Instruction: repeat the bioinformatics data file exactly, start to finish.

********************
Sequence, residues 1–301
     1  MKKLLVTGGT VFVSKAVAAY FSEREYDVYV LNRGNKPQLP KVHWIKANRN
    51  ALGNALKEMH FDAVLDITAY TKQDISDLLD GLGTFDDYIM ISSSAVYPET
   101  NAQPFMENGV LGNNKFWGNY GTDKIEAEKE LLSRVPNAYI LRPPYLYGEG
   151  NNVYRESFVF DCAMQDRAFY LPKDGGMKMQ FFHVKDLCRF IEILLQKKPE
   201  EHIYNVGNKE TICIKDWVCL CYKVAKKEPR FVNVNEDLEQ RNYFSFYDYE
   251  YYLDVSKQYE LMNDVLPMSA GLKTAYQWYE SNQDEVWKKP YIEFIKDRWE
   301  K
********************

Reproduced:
Sequence, residues 1–301
     1  MKKLLVTGGT VFVSKAVAAY FSEREYDVYV LNRGNKPQLP KVHWIKANRN
    51  ALGNALKEMH FDAVLDITAY TKQDISDLLD GLGTFDDYIM ISSSAVYPET
   101  NAQPFMENGV LGNNKFWGNY GTDKIEAEKE LLSRVPNAYI LRPPYLYGEG
   151  NNVYRESFVF DCAMQDRAFY LPKDGGMKMQ FFHVKDLCRF IEILLQKKPE
   201  EHIYNVGNKE TICIKDWVCL CYKVAKKEPR FVNVNEDLEQ RNYFSFYDYE
   251  YYLDVSKQYE LMNDVLPMSA GLKTAYQWYE SNQDEVWKKP YIEFIKDRWE
   301  K